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Campaign Finance Fight Could Shape 'Dark Money's' Future In California

Nov 1, 2013

A "No on Prop 32" TV ad paid for by the Small Business Action Committee in the Fall 2012 campaign.
Credit YouTube/Small Business Action Committee

California’s Fair Political Practices Commission is trying to collect $15 million in penalties from two political action committees that accepted “dark money” contributions last year.  The PACs won’t pay, saying they’ve done nothing wrong.  Ben Adler reports from Sacramento that in this dispute, there’s a lot at stake.

The illegal donations last fall paid for ads like this from the Small Business Action Committee:

Yes on 32 TV ad: “Sacramento doesn’t work for our family.  Instead, it works for the big unions and corporations.”

Last month, the FPPC settled a year-long legal battle by announcing two non-profit organizations will pay the state $500,000 each.  But Phillip Ung with the public interest group Common Cause says even that record campaign finance penalty is chump change to the Koch Brothers – the conservative donors connected to the non-profits.

Ung: “I doubt they will have trouble coming up with a million dollars or half a million dollars to pay up this fine.  That’s why they settled at that amount, because I think they know that they can get away with it.”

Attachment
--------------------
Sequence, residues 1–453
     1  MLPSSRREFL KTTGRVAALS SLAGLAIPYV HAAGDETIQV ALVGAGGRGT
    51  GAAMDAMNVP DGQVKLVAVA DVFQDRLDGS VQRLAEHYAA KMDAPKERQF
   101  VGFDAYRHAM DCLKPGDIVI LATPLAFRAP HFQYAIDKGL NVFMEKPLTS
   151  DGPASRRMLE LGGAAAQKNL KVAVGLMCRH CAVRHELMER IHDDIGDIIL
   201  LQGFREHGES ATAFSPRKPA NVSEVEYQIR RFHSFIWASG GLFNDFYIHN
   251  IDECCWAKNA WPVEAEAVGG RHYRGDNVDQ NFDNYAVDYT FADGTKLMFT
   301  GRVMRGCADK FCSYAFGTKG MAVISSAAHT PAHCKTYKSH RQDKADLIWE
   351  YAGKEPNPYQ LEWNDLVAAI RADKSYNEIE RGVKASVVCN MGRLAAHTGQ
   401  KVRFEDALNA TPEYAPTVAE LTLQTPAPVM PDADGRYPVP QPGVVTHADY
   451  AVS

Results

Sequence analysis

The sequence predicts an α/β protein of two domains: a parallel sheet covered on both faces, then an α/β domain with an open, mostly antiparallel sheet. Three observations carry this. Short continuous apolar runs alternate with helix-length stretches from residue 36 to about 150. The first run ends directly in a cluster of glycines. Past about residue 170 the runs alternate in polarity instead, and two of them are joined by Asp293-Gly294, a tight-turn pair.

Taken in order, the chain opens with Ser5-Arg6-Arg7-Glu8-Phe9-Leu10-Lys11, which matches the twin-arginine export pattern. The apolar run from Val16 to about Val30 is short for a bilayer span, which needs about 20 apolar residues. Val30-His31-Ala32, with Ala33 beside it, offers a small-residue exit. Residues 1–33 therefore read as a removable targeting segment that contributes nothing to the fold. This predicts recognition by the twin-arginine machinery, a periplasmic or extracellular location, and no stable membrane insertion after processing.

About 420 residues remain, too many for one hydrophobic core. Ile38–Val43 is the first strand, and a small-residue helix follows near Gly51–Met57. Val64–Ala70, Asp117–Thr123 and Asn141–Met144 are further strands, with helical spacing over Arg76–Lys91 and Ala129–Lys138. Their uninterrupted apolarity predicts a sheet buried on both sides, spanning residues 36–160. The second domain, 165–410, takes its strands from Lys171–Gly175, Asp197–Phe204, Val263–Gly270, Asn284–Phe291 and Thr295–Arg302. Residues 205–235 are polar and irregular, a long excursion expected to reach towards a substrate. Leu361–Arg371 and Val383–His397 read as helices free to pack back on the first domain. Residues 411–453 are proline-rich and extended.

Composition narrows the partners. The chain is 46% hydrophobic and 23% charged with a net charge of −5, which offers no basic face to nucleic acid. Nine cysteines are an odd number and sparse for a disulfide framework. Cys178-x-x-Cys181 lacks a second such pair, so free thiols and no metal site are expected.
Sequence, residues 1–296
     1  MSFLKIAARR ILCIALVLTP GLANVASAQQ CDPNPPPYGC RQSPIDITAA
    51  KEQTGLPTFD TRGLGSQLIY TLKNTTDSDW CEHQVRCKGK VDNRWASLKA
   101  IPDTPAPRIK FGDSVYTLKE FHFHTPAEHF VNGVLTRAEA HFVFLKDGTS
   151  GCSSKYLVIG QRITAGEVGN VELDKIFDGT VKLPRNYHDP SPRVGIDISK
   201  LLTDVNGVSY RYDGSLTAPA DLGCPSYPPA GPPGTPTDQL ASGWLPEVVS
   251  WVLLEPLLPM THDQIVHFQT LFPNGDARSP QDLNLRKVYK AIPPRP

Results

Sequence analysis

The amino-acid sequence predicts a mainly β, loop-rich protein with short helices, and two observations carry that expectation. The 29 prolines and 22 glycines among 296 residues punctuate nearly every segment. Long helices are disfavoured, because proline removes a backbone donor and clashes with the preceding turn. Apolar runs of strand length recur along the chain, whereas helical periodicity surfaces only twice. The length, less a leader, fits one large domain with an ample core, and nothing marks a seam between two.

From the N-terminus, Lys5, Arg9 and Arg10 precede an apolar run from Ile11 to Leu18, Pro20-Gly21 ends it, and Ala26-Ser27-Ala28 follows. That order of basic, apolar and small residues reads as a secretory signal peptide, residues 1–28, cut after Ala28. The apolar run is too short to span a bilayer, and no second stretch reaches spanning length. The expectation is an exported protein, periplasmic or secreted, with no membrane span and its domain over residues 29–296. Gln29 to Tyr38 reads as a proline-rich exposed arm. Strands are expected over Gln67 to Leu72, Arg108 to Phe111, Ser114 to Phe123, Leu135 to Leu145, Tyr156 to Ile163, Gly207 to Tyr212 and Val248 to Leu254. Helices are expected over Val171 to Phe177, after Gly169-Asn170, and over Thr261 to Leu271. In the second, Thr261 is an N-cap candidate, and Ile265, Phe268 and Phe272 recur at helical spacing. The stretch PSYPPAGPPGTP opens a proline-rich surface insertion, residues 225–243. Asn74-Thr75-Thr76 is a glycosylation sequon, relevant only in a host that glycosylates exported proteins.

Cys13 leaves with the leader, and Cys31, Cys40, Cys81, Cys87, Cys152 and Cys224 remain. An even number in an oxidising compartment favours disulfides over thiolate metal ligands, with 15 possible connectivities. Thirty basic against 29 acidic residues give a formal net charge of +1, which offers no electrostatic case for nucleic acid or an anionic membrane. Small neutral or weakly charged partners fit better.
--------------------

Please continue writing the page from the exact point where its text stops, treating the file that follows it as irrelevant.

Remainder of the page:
What the FPPC really wants is to prevent future “dark money” donations.  To ensure that, a second penalty called “disgorgement” requires the PACs to forward every “dark” dollar they received to the state. That’s $15 million.

Winuk: “If you accept a contribution and it turns out that you didn’t get the true source, regardless of whether or not you knew or didn’t know, you have to give it up.”

In other words, says the FPPC’s Gary Winuk, the next time a PAC gets a mysterious donation, it should send it back.

Winuk: “If you suspect that you’re receiving a contribution and you don’t know the true source, you do so at your peril.”

Not fair, says Beth Miller with the Small Business Action Committee.  She points out that even the FPPC says her PAC did nothing wrong.

Miller: “Why should the innocent party have to be fearful of accepting contributions solely because –even if they do everything right, they may be penalized?”

Success in the FPPC’s disgorgement effort could make it a lot harder for similar donations in the future.  Failure could reopen the “dark money” floodgates.